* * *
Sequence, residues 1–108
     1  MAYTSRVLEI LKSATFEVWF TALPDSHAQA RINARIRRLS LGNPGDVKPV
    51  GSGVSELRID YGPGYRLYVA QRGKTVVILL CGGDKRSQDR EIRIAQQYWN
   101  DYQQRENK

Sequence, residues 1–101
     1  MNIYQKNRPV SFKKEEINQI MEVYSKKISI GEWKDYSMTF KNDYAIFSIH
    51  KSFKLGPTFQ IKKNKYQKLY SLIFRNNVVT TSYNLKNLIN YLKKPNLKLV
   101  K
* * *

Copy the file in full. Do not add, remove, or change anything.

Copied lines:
Sequence, residues 1–108
     1  MAYTSRVLEI LKSATFEVWF TALPDSHAQA RINARIRRLS LGNPGDVKPV
    51  GSGVSELRID YGPGYRLYVA QRGKTVVILL CGGDKRSQDR EIRIAQQYWN
   101  DYQQRENK

Sequence, residues 1–101
     1  MNIYQKNRPV SFKKEEINQI MEVYSKKISI GEWKDYSMTF KNDYAIFSIH
    51  KSFKLGPTFQ IKKNKYQKLY SLIFRNNVVT TSYNLKNLIN YLKKPNLKLV
   101  K